If you do not have an Advance Health Care Directive and you are unable to make your own health care decisions, your health care provider may consult with someone whose desires are contrary to yours. The people closest to you who know your health care preferences may have no say in the types of treatment you receive. Specifying your health care wishes ensure that you receive the care you want. More importantly, health care providers are bound by HIPAA (Health Insurance Portability and Accountability Act) rules and may not be able to speak to family members about your condition or care without a Court order.

Durable Power of Attorney

A Durable Power of Attorney allows you to name an agent (“Attorney in Fact”) to make financial decisions and take actions for you in the event of your incapacity.

Without a Durable Power of Attorney, a court appointed Conservator of your Estate will be required to give a family member or private professional the legal authority to make financial decisions on your behalf, including but not limited to paying your expenses and managing the care of your house and other assets.

Having a properly prepared Durable Power of Attorney allows you to specify the scope of your agent’s authority, which can limit the access your agent has to your finances. For example, you can authorize your agent to pay your bills, but not sell your house, and a Court appointed Conservator will not be necessary.

The Costs of No Estate Plan

Without a valid Trust and Will if your estate is worth more than $150,000 at the time of your death, it will likely have to go through probate (there are exceptions). It is important to keep in mind the cost of probate which can be easily avoided. The Administrator of the estate and the attorney who represents the Administrator will each be paid commissions/fees as predetermined by the California probate code. The commission/fees are as follows:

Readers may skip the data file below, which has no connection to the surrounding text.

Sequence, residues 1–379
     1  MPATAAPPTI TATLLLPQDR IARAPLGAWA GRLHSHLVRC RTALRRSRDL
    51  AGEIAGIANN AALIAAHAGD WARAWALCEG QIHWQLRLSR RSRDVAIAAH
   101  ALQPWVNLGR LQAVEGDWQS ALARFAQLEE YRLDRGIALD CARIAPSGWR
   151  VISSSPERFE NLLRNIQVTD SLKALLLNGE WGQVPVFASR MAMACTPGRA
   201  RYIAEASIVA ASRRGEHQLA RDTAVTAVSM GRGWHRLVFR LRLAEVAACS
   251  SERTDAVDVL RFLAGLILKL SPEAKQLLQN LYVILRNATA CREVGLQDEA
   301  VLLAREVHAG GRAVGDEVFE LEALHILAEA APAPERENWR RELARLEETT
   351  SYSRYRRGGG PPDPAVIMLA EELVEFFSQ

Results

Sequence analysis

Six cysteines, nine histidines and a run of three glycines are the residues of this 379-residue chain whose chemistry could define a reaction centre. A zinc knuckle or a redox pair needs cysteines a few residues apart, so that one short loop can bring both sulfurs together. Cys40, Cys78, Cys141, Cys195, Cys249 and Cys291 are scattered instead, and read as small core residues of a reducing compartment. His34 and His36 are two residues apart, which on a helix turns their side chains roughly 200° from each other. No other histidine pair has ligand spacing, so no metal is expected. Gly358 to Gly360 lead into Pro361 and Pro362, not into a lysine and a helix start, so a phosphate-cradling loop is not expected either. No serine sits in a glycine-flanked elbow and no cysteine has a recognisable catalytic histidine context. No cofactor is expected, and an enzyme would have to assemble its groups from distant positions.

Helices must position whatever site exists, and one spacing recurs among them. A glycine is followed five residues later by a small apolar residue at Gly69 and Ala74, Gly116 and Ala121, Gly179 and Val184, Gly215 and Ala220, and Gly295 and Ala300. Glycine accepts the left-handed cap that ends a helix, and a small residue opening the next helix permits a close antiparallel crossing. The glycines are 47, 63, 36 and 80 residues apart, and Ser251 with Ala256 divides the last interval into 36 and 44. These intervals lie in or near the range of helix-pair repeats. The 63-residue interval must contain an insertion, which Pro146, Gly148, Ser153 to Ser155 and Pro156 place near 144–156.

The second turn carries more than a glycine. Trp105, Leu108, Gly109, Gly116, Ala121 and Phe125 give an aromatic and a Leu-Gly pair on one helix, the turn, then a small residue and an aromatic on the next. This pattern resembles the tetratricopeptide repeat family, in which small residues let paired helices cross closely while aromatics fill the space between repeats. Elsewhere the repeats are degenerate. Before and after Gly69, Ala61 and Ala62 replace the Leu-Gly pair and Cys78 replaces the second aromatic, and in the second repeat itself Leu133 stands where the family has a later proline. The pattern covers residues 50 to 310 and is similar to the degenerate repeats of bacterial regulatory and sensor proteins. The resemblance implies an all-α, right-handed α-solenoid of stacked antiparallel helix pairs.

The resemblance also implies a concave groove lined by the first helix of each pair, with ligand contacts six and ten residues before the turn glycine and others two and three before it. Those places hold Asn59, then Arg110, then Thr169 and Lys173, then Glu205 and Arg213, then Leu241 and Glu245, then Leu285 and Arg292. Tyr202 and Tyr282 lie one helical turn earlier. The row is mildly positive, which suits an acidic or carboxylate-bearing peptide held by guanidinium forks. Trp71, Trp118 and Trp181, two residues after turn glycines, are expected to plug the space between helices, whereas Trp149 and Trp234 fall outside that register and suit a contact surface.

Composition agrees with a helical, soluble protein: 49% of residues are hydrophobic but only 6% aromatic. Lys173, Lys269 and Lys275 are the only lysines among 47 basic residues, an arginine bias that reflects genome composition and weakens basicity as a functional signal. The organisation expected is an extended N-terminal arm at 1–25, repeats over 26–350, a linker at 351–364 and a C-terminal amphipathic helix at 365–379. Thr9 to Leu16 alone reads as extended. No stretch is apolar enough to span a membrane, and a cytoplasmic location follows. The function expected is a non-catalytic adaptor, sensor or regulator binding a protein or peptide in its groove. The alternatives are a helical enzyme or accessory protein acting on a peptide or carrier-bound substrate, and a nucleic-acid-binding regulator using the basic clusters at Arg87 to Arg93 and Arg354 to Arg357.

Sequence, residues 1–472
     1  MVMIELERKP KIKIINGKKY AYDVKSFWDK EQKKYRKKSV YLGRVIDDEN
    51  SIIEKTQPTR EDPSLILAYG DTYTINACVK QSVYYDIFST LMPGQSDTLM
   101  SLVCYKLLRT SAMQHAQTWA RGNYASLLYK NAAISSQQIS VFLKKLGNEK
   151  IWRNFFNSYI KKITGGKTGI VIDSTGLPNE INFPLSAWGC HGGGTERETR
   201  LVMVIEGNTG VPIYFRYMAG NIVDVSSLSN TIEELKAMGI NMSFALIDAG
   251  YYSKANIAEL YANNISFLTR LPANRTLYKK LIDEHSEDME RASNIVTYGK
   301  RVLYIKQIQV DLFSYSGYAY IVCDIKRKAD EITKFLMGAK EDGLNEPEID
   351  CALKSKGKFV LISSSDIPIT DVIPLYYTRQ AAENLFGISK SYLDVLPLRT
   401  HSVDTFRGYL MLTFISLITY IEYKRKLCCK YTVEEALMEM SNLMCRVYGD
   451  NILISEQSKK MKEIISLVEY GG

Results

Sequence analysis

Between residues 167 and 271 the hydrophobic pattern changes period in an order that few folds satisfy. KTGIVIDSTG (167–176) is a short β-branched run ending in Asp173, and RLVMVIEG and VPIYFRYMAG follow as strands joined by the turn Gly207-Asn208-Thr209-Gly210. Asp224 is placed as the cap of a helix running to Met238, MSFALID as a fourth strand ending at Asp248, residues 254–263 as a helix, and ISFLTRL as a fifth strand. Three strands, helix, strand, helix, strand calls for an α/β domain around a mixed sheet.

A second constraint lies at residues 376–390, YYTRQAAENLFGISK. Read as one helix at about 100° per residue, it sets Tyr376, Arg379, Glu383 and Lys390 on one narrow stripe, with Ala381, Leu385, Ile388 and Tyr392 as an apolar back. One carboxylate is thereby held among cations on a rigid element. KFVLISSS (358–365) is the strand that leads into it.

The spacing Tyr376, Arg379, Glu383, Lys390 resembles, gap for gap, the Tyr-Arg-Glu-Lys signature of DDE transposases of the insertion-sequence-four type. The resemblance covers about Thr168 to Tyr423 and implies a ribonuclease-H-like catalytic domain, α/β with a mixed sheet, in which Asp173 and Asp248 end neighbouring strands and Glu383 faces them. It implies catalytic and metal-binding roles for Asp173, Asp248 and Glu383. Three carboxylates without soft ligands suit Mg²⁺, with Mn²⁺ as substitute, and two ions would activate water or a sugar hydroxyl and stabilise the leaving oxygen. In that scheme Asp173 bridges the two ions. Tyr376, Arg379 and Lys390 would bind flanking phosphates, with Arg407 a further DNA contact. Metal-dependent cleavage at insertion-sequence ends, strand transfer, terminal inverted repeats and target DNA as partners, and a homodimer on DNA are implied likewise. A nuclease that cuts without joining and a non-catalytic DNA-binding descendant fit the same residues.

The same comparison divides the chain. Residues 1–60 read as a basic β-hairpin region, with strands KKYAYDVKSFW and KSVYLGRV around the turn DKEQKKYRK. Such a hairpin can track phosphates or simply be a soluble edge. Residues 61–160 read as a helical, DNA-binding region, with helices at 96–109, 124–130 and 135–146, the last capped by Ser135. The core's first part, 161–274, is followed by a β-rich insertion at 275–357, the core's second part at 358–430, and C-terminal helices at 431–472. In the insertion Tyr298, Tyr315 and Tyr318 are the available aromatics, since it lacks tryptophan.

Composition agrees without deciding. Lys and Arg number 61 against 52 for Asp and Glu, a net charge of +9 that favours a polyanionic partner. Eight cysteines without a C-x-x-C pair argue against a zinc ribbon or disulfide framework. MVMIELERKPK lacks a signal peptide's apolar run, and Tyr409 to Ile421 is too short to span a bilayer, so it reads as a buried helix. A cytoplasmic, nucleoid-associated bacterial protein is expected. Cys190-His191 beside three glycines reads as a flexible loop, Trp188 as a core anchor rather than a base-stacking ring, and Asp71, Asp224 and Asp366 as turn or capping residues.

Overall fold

• 4 percent of the first one hundred thousand dollars ($100,000);
  • 3 percent of the next one hundred thousand dollars ($100,000);
  • 2 percent of the next eight hundred thousand dollars ($800,000);
  • 1 percent of the next nine million dollars ($9,000,000);
  • 0.50 percent of the next fifteen million dollars ($15,000,000).
  • For all amounts above twenty-five million dollars ($25,000,000), a reasonable amount to be determined by the court.

For example, if your estate, including the fair market value of your house, is worth $1,000,000, the Administrator will be paid $23,000; the Attorney for the Administrator will be paid $23,000; and the Bond, Publication, Appraisal, and Court filing fees will total approximately $5,000. Preparing an estate plan using a Trust to avoid probate, along with powers of attorney, will in most cases cost less than $5,000.

With this health pandemic, it is especially important to have a personalized plan in place. Speaking with an attorney and customizing an estate plan ensures the assets you have worked hard for are preserved and passed on to the people or charitable organizations you care about in a responsible and cost effective manner.

Kira S. Masteller and Lani Fu are attorneys in our Trust & Estate Planning Practice Group.

This information provides an overview of a specific developing situation. It is not intended to be, and should not be construed as, legal advice for any particular fact or situation.